Apr 18, 2020
We started last week's show with the statement "if you are in your mid forties and think your best years are behind you, think again" as we introduced Matt Fitzgerald and his story of living out a dream to train and race with a professional running team to find every bit of potential he had in his 46 year old body.
We start this weeks show with the statement "if you are in your mid sixties and think your best years are behind you, think again". At the age of 62 and at 335 pounds Sue Reynolds started a journey that started with a walk to a neighbors house and back. Step by step, goal by goal, she discovered running and then triathlon and completely transformed her body and life. At the age of 67 she has completed 5 seasons of triathlon and has been to 4 world championships.
Also in today's show:
Go to MileHighEndurancePodcast.com, click on the "subscribe" button, and you will get the newsletter with show notes and all the links and articles sent to you automatically every week.
I've been talking the last couple of weeks about the "Keep Moving with UCAN" series on UCAN's Instagram Live. I told you that my 20 year old daughter and I have done the 20min HIIT sessions with American Ninja Warrior Chris Poirier Kim - total ass kicking. Last week they also had Hunter Allen leading a 30min "Pyramid of Power" cycling session, and a discussion with Greg McMillan about 5 tips to adapt your run training during this unique time. There are more UCAN Instagram Live streams so follow them @genUcan.
Matt Bach from UCAN and Heidi Strickler had a webinar last night that was very educational. I highly recommend you check it out. It talks about the science, how to prepare, how to use for different distances. Heidi even says there's a great pancake recipe out there using UCAN.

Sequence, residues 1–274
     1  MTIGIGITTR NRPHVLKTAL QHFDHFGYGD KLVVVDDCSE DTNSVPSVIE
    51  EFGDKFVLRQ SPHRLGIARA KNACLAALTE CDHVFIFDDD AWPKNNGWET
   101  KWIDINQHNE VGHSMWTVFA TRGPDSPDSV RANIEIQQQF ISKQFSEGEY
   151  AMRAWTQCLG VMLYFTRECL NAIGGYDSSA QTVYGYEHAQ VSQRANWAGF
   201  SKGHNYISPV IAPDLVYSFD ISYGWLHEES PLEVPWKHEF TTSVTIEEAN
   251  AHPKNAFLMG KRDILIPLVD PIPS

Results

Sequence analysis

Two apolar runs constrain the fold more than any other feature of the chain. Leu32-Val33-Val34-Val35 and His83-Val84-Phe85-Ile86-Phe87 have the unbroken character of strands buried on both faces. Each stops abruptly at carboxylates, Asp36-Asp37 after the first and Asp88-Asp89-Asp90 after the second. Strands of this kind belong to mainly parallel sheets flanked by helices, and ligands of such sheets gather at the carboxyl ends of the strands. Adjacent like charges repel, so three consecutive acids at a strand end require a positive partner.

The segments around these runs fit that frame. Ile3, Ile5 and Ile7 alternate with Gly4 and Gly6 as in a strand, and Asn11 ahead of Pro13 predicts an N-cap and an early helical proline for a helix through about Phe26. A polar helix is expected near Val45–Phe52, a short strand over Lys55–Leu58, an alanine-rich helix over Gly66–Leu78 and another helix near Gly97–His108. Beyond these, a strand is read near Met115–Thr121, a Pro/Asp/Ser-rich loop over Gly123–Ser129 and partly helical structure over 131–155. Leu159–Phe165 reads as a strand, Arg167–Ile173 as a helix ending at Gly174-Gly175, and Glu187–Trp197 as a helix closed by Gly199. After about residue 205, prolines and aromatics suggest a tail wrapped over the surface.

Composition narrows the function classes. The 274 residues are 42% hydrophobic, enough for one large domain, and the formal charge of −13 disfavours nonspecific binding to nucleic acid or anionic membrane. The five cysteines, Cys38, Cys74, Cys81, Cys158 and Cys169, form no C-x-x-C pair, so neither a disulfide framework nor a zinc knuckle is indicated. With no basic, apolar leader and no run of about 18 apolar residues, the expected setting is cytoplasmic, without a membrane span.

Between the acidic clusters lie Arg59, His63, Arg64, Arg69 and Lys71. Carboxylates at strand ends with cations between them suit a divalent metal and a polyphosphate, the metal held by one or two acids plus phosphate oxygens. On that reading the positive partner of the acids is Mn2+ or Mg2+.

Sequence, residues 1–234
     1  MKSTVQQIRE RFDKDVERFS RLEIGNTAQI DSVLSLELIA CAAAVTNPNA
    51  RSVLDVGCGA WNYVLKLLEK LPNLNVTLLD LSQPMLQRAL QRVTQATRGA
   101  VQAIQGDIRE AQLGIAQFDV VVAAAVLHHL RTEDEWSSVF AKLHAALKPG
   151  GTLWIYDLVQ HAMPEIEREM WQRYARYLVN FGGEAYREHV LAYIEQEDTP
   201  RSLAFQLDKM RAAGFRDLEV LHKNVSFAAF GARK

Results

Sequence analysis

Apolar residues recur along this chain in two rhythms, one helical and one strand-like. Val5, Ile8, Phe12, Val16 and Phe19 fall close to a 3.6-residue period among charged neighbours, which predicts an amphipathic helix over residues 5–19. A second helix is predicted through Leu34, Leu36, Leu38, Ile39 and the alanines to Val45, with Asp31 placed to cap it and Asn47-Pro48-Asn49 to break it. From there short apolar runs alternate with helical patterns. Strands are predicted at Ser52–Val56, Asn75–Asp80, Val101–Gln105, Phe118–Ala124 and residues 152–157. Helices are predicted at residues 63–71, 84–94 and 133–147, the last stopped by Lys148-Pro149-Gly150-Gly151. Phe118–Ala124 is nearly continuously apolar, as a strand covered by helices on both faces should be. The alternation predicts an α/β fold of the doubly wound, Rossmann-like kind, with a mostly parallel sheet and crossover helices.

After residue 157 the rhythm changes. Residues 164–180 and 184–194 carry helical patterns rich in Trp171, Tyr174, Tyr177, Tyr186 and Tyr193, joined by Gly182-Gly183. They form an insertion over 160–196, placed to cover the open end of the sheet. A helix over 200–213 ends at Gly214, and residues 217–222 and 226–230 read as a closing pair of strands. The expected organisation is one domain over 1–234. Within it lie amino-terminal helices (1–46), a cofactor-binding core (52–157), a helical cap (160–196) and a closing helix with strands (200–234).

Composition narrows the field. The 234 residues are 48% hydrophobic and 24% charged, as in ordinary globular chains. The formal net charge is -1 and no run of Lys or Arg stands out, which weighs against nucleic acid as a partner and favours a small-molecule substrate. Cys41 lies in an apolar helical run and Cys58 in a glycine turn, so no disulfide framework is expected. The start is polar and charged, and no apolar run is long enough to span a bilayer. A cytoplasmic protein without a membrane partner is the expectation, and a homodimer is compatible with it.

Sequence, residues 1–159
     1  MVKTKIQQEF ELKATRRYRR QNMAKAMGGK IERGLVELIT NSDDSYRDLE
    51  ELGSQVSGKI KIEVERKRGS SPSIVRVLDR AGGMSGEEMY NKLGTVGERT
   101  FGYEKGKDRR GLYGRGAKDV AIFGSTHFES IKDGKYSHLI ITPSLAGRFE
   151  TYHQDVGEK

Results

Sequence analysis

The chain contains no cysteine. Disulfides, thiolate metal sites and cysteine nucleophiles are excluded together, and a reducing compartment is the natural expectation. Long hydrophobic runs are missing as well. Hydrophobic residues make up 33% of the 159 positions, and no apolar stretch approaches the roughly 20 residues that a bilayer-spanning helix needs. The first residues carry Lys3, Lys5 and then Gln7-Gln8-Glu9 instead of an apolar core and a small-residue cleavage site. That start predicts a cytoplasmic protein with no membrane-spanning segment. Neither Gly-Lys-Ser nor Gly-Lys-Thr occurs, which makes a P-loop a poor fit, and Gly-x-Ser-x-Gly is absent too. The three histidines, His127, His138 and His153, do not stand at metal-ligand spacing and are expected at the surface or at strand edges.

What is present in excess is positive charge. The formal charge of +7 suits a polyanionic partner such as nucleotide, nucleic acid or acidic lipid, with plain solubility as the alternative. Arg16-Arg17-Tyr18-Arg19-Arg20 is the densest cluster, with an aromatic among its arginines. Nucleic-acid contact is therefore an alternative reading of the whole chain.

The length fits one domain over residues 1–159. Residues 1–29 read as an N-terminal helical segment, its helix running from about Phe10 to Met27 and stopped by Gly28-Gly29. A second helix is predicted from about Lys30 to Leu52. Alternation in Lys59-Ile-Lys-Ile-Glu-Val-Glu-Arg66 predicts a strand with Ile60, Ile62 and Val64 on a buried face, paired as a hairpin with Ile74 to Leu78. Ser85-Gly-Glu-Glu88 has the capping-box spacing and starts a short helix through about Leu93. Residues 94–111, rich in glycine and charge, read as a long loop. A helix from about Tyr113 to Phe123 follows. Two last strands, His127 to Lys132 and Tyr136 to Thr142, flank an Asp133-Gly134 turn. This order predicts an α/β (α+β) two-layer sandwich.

I'm working in the "man cave" on conference calls for hours at a time and need to keep up my energy and focus. Coffee gets old, I never drink soda, and won't drink a traditional sports drink unless training. One thing I love about UCAN is that unlike sugary sports nutrition, UCAN can be used outside of training too since the bars and powders provide healthy, steady energy with little to no sugar. I go to UCAN energy drink or a UCAN bar to keep my hunger satisfied and carry me through a daily marathon of meetings to keep me energized and productive. My favorite bar is the coffee flavor, but they have two new flavors - chocolate/almond butter and salted peanut butter which have been a hit.
Hey, since you are not racing, this is a great time to experiment with new nutrition in your training, something that is completely different than other sports nutrition out there. Use code MHE2020 for 15% off at generationucan.com, or try the
Interview with Sue Reynold:
Let's get into the interview.
Sue Reynolds Race Results - https://rankings.usatriathlon.org/RaceResult/AthleteResults
Sponsor - iKOR Labs:
Thanks to iKOR Labs for helping sponsor today's show. iKOR Performance is a clean, natural source of hemp-based CBD that protects your body from the stresses of training and promote fast recovery. Don't let your competition out recover you! Save 25% on all products right now. Go to www.ikorlabs.com for more details.
What's New in the 303:
Well in San Diego I decided you needed a little more than Sex and Drugs and Rock and Roll. You needed plenty of exercise and sunshine. You needed to make good money because everything that’s fun costs money in Southern California. You needed to get in that ocean every day because the beach rules. You needed a bike. Because these were the zenith days of cycling. Let me count the ways.